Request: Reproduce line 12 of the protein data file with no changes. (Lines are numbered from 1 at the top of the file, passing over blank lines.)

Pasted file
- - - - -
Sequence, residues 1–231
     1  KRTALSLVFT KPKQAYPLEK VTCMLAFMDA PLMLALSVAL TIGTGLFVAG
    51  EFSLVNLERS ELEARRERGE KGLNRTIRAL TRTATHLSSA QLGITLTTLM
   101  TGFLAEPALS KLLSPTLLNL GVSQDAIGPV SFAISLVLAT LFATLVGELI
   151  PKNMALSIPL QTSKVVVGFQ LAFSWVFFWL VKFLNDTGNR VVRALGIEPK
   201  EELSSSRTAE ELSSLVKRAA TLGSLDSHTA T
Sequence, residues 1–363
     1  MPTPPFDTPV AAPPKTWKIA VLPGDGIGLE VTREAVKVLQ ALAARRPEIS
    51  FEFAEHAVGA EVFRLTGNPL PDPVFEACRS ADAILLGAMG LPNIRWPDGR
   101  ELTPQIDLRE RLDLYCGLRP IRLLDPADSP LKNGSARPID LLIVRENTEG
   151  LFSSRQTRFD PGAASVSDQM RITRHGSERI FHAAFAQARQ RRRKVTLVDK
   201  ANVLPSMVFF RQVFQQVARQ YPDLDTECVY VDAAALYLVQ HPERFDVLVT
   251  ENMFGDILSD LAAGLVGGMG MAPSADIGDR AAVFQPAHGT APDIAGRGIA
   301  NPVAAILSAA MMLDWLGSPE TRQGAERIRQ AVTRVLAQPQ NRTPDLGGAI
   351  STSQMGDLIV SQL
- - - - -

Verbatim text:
   201  ANVLPSMVFF RQVFQQVARQ YPDLDTECVY VDAAALYLVQ HPERFDVLVT